Bank of America Merrill Lynch (BofAML) warns that Brent crude oil could reach $90 per barrel stemming the new IMO rules regarding shipping fuels and a weaker dollar courtesy of a de-escalation in the US/China trade war, Reuters reported on Friday.
BofAML claims that the IMO rules regarding the allowable sulphur content, to take effect in 2020, could cause a spike in middle distillate demand, pressuring prices upward. Also pushing up prices could be the weakening dollar should the trade war between China and the United States simmer down.
In February, BofAML estimated that Brent crude would be trading within the $50 to $70 per barrel band through 2024, with prices “anchored” around $60 per barrel, citing rising US shale supplies and slowing oil demand growth. Shorter term, BofAML saw Brent rising to $70 per barrel citing tighter supply as Venezuela, Iran, Mexico, and OPEC produce less oil—some on purpose and some not.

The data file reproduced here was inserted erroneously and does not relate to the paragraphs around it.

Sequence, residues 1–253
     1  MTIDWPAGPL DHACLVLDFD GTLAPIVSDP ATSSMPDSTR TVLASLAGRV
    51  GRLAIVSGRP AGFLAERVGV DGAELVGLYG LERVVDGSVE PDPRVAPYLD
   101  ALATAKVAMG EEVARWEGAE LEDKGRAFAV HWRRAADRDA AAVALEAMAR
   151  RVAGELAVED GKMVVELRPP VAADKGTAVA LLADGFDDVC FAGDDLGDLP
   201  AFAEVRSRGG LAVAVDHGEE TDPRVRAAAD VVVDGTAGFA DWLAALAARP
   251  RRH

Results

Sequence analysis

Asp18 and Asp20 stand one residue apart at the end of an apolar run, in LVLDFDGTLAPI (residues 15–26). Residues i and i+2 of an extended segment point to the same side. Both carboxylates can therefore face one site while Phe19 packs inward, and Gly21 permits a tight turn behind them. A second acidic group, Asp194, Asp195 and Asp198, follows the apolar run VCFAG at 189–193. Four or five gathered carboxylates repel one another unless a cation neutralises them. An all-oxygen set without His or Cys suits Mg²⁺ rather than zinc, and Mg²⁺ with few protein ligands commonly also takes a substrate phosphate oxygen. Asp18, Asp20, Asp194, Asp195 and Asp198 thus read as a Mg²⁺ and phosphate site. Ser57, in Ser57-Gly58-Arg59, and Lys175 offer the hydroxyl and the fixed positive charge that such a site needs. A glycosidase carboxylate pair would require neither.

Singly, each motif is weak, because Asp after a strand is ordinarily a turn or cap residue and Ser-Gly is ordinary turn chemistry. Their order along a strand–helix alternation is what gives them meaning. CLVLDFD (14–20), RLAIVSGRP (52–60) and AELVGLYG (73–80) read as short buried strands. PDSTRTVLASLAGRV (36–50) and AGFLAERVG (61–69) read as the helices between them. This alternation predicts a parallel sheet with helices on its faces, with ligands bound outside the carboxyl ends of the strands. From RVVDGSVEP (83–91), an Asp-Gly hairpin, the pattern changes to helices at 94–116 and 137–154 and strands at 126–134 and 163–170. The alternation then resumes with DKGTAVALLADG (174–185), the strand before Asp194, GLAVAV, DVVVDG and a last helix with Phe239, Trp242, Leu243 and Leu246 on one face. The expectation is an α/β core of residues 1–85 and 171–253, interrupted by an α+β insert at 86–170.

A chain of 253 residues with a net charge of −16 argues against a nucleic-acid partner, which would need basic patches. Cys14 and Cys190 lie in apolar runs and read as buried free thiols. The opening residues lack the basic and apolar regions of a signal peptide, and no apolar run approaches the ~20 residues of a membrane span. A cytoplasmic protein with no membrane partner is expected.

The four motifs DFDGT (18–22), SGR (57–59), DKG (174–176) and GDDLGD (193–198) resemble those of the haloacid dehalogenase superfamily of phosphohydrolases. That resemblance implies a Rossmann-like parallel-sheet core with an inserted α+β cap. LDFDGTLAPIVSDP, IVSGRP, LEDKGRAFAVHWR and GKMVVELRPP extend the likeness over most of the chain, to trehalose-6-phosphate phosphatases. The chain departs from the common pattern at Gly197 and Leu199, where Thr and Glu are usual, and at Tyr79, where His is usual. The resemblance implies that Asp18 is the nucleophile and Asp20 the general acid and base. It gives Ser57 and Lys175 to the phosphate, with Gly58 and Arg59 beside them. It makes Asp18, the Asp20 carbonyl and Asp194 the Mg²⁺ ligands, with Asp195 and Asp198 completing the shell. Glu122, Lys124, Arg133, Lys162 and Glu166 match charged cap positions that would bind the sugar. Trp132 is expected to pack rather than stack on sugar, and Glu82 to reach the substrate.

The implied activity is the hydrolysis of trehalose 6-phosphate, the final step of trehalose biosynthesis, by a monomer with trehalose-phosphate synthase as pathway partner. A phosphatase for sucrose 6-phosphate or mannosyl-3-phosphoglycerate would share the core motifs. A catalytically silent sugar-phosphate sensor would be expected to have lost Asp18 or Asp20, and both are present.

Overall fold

Last May, BofAML warned that oil could rise as high as $100 per barrel this year. At that time, Brent was trading near $77.
Along with its $90 per barrel warning, BofAML said there was a risk that Brent could dip to $50 per barrel, if the trade war between China and the United States were to hurt consumer sentiment and lead to an economic downturn.
“With military tensions rising in the Middle East and trade tensions rising between the U.S. and China, we believe that chances of a tail event driving Brent crude to these price extremes (are) higher than what option markets are currently pricing,” BofAML said in a note on Friday.
Brent options show a 10% chance of prices heading north of $90, and just a 6% chance of it falling below $50 per barrel.
By Julianne Geiger for Oilprice.com
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